On a scale where 1=disagree and 5= strongly agree, the majority of teachers were either unsure of their thoughts regarding BHM as a tick box exercise, or were leaning towards agreeing with the statement.

However, in response to asking teachers whether they believe BHM had a valuable impact on their children, almost half of respondents agreed that it was.

Forms response chart. Question title: Black History Month has a valuable impact on your children.. Number of responses: 238 responses.

How did your children respond to BHM?

Responses to this question were mostly positive, with many saying that children responded well and were interested in learning about Black History and significant individuals.

“They were full of enthusiasm and enjoyed celebrating people’s accomplishments. They were also passionate about discussing injustice and discrimination and could relate things that happened in the past to attitudes today.”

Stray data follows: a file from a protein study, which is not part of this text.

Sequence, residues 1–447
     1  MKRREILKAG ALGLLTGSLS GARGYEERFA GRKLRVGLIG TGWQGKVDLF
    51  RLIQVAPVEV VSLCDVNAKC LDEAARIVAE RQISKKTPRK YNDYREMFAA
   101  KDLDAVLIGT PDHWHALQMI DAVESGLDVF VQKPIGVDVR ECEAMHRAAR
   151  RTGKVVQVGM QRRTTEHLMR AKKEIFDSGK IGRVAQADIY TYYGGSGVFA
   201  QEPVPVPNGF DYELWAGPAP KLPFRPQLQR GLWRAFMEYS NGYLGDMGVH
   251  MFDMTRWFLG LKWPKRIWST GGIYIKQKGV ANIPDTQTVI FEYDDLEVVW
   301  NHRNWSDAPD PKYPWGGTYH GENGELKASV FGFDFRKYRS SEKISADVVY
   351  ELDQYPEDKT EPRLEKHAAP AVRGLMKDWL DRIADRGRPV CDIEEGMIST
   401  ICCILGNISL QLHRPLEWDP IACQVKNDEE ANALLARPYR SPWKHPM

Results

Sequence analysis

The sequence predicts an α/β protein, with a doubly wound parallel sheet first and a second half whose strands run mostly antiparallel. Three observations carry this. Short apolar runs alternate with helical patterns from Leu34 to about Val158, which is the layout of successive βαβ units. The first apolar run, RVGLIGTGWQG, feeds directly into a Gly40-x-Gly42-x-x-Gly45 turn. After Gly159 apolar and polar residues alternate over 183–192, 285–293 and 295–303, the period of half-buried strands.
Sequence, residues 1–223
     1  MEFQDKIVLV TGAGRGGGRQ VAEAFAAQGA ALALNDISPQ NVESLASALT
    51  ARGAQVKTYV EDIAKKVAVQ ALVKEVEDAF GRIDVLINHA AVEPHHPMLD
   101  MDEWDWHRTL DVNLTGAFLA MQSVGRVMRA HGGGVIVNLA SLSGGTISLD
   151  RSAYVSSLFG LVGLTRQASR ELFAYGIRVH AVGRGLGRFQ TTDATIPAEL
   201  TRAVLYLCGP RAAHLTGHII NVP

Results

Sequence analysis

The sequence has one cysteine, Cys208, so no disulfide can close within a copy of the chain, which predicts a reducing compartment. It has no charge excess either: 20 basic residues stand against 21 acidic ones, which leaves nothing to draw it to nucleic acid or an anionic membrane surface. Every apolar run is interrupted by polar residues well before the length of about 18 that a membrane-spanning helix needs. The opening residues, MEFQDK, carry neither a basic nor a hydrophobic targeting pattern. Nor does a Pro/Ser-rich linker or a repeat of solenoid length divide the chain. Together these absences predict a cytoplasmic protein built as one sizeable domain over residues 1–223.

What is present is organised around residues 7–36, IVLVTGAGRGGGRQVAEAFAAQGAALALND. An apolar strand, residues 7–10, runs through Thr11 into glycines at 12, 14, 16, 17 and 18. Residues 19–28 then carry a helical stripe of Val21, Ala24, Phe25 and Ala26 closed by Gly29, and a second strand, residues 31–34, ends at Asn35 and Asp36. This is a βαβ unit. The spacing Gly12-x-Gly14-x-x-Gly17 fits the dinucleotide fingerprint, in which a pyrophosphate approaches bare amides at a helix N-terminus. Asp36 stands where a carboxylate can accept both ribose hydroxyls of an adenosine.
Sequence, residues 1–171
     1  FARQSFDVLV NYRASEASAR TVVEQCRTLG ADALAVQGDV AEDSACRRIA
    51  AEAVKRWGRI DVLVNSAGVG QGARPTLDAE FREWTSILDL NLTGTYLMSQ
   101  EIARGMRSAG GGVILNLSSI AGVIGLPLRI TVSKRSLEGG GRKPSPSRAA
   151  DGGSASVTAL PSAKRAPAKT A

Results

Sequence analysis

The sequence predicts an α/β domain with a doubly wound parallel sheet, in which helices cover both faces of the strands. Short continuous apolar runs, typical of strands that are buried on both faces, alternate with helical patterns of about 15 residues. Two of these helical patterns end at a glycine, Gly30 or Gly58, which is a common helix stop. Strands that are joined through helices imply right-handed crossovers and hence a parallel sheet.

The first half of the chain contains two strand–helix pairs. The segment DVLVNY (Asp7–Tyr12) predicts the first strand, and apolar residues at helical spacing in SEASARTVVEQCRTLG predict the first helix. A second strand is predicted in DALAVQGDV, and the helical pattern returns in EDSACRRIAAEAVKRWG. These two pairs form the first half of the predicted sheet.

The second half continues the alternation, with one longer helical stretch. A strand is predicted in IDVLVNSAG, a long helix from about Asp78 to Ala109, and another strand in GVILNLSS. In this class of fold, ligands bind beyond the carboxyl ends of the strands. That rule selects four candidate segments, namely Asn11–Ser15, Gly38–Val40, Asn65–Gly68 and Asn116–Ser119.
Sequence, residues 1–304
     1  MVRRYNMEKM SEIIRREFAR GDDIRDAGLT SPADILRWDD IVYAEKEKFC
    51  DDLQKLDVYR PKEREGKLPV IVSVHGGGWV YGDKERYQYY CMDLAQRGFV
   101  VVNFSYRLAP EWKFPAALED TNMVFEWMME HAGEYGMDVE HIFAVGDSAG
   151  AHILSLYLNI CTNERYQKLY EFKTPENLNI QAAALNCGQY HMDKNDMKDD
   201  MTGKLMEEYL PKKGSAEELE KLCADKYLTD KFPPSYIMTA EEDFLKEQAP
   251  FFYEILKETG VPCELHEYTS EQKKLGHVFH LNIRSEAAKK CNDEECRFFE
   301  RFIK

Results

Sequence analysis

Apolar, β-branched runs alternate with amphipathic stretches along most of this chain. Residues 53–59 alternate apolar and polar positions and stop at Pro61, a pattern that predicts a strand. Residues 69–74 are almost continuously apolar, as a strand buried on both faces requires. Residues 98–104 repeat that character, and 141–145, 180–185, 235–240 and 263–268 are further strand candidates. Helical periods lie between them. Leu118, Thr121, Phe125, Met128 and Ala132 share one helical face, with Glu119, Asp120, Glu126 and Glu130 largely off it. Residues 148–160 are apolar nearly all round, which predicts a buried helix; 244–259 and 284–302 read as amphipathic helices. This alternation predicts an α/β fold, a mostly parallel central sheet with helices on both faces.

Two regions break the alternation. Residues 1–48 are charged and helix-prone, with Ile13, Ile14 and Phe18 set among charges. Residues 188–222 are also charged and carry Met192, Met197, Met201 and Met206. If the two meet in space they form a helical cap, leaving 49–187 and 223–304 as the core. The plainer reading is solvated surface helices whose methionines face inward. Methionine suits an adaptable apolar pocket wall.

“Children are enthused and interested in finding out about ‘real’ History. Black History is very relevant to the pupils at our school and it is important their heritage is acknowledged.”

“They really enjoyed it and it really opened their eyes to some of the issues that minority groups face.”

“They were very respectful about black history and were able to articulate the injustice and how there are still problems today that need to be addressed.”
However some responses showed a possible lack of understanding for why teaching Black History is important, with some commenting that their schools did not take part at all.
“We didn’t do black history month😔”
“About a fifth of the school contributed”
“Didn’t have any relevance as far as they were concerned as most do not know anyone from a different ethnic background. But the majority did agree people shouldn’t be treated differently because of the colour of their skin.”
“Some were very keen while others were unsure what they should and shouldn’t do.”
Is there enough representation of black history in the National Curriculum?